- The women from the villages will follow you to try to get you to buy something. As our bus approached, we could see the women outside of the window, staring us down as if they were claiming someone to target. And as soon as we stepped out, they were on our backs. Fortunately, they all seemed very nice, throughout our whole stay. Just kindly tell them no thanks and walk away. We never felt like they were too much of a bother. Honestly, it was the worst after getting off the bus, so everything after didn't seem so bad.
- You can rent shoes or boots for trekking for $2. Unless you plan on doing a lot of hiking, it's a real hassle to pack an extra set of shoes. Luckily, trekking is so common in Sapa that you can rent shoes. And they're cheap! Rain boots are available too, which are good for muddy days.
- Treks are through the rice fields. You literally walk right in them. Views and experiences don't get much better than that!
- Don't bother with an organized tour. Sapa is extremely easy to plan yourself when based in Hanoi and cheap. The bus drops you right in town, and Sapa town is small and easily walkable.
- Take the bus, not the train. The train seems like the most popular transport, but it is overnight, takes 8 hours, and gets in at like 4:00 am to Lao Cai, which is an hour from Sapa. So then you have to take some sort of shuttle from Lao Cai to Sapa, so it's at least 9 hours in total travel time. And once you get to Sapa, you won't even be able to check in to your hotel because it's too early. The train is about $37 each way, and while you can save on hotels those nights, you probably won't get much sleep. The bus, on the other hand is $17 each way, takes 5-6 hours, picks you up at your hotel in Hanoi, drops you off in the center Sapa, and best of all, the views on the way are stunning! Great way to enjoy the northern Vietnam countryside. The bus leaves at 6am from Hanoi, so it gets in to Sapa around noon, leaving you with a solid day of activities. The bus back to Hanoi leaves at 4pm. On the way back, the bus drops you in the Old Quarter, but it was only a 10 minute walk back to our hotel.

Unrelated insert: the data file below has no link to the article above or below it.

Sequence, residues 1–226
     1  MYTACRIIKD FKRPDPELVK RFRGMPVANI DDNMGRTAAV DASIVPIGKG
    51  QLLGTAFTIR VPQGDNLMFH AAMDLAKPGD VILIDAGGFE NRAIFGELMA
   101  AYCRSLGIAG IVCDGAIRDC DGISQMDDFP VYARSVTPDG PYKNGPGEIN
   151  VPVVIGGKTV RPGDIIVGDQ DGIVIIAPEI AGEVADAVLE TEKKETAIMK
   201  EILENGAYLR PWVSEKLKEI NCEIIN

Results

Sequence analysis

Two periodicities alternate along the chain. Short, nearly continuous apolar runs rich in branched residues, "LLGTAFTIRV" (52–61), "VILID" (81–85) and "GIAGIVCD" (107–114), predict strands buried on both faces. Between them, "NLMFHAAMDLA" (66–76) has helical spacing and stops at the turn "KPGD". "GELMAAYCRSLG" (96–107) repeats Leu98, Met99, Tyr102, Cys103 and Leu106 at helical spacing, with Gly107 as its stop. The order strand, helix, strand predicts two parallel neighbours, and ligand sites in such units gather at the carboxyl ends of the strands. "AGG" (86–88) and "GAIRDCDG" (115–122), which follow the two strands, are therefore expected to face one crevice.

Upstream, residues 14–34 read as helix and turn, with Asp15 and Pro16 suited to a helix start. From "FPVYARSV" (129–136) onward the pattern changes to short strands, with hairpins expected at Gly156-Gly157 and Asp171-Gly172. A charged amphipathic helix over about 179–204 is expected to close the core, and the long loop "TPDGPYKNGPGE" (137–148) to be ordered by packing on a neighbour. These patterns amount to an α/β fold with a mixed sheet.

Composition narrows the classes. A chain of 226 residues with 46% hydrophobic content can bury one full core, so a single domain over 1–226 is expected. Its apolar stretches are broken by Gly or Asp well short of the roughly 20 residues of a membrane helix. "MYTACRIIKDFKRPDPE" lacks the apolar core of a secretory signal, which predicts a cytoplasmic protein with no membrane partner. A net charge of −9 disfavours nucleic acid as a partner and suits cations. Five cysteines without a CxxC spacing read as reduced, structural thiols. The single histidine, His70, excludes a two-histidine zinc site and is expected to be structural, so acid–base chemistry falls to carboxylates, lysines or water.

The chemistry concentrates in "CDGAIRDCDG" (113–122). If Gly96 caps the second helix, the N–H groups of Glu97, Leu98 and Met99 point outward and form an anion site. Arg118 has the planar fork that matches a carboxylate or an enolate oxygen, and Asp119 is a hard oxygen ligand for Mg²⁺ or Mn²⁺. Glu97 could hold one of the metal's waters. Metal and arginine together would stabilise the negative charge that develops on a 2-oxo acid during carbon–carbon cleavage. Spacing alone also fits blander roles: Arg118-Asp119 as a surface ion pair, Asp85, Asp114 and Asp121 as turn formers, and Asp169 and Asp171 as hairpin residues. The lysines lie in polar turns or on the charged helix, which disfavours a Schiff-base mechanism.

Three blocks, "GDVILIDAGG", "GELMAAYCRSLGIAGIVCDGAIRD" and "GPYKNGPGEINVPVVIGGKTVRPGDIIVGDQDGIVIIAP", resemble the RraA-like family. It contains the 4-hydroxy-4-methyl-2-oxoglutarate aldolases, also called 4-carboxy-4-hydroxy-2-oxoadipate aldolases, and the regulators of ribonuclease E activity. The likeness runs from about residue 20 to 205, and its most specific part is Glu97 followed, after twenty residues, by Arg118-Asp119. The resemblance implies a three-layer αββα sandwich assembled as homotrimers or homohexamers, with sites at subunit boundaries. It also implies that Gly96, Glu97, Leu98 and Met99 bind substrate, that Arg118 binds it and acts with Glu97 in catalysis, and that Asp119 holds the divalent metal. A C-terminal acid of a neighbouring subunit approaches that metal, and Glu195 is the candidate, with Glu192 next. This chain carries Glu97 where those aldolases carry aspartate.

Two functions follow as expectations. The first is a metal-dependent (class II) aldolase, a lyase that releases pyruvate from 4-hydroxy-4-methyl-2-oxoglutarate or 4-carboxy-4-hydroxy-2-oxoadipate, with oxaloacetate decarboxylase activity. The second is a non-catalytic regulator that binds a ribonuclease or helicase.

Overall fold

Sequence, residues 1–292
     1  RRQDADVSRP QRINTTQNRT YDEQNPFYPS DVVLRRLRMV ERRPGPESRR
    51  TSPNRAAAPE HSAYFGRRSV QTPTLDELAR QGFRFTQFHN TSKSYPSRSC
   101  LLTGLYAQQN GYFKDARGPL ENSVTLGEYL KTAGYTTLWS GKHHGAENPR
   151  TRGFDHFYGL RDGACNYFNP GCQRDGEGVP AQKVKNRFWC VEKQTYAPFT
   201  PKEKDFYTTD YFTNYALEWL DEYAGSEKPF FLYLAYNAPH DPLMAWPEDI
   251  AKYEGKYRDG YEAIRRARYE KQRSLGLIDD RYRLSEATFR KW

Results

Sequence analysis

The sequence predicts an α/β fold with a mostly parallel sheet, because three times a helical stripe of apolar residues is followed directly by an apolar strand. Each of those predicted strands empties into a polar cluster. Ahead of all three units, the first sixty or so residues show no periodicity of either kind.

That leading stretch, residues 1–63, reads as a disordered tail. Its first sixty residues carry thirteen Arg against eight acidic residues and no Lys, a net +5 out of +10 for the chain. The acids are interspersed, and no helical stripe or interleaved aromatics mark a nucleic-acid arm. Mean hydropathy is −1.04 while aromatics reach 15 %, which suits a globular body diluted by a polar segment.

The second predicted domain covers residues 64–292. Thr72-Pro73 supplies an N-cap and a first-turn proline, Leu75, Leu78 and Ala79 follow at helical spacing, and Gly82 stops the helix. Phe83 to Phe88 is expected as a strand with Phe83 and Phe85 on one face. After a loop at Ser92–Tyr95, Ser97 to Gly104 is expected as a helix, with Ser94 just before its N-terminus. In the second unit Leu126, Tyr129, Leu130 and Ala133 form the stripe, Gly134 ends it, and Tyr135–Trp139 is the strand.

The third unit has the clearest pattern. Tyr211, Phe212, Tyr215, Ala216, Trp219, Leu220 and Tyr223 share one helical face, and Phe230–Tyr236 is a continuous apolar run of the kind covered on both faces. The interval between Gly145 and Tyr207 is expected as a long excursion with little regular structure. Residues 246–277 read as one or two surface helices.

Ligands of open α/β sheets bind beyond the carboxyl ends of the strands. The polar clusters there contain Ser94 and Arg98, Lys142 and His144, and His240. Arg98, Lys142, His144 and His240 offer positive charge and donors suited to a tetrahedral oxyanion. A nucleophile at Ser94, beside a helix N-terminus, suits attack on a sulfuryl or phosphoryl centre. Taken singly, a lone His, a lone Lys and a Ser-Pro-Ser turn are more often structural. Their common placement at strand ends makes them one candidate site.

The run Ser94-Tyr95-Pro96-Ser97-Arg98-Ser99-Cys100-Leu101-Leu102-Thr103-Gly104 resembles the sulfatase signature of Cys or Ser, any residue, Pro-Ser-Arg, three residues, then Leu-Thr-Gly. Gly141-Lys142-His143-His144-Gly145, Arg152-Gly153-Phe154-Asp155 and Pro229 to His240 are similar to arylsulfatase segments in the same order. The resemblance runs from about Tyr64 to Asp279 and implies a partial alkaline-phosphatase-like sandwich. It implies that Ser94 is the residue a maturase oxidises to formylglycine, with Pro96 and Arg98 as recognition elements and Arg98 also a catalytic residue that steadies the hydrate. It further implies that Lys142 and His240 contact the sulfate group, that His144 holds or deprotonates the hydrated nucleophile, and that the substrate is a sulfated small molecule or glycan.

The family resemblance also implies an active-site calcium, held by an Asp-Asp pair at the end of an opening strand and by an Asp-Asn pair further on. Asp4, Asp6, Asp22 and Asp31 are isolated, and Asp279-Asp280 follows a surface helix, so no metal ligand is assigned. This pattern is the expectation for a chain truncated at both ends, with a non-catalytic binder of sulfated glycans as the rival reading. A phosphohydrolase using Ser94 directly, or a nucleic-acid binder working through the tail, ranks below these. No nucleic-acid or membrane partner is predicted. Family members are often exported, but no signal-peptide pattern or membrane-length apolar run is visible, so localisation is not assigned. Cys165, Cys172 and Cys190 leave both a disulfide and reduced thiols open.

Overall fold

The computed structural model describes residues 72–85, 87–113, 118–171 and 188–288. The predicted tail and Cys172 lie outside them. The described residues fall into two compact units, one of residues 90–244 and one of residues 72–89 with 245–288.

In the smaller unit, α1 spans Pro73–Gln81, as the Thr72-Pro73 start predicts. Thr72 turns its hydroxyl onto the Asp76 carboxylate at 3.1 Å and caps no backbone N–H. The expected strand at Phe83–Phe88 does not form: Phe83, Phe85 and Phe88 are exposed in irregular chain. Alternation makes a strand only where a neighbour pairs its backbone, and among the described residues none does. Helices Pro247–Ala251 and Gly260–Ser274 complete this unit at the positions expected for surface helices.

- Make sure your hotel has ample hot water and ways to heat if staying in the winter. It can get super cold in the winter months. And it's where the Vietnamese go to see snow. Make sure you read reviews of hotels. Running out of hot water is a big issue. So make sure you see reviews where someone has commented on the hot water, as well as what is done for heating. Some places have fireplaces and electric blankets.
- Spend a few hours in Ham Rong Mountain. This place was awesome and we were the only Westerners around. People, this place is totally worth your time! As you wander further inwards and upwards, it feels like you have the place to yourself at times.
- Hire a guide for trekking. First off, I'm not even sure if it's legal to go certain places without a guide. You definitely need a permit to go through the villages. But a guide is a good idea anyway, because it's not like you can follow a clearly marked trail. You are wandering through someone's property and rice fields. So you need a guide to tell you where to go. Plus a guide is a great way to learn about the local villages and cultures.
- Book a trek so that the money goes 100% to the guide. We booked though Sapa Sisters because the money all went to our guide, which was important to us. Booking at your hotel or some other places will only give a small percentage to the guide, lame.
- Stock up on knockoff Northface gear and barter. You can get all sorts of Northface stuff here (and even in Hanoi). You can't miss it. Shop around so you can find items that look to be of better quality and make sure you barter. You should never need to pay the asking price unless it's already drastically less than nearby competitors.
- Go between June and early August to see bright green rice fields. Go between mid August to early September to see golden yellow rice fields before harvest. Sapa only has one rice harvest per year, so they plant in May much like we do in the States. This means that most of the year you will miss out on the actual rice and its amazing beauty. Of course, if you come in the summer, it's gonna be hot as hell and it coincides with rainy season.
- October and March have the best weather. You will miss out on the rice, but the weather will be manageable or even nice. We went in March and it was sunny and in the low 70s, still cool at night. And the terraced fields are still an amazing sight, even without the bright colors of the rice growing.
- Music plays at roughly 7:00 am every morning. It sounded like it was coming from the main square, but I'm pretty sure you could hear it anywhere in town.
Katherine & Bradley
Two engineers with a passion for food and travel! Join us as we eat our way through the world!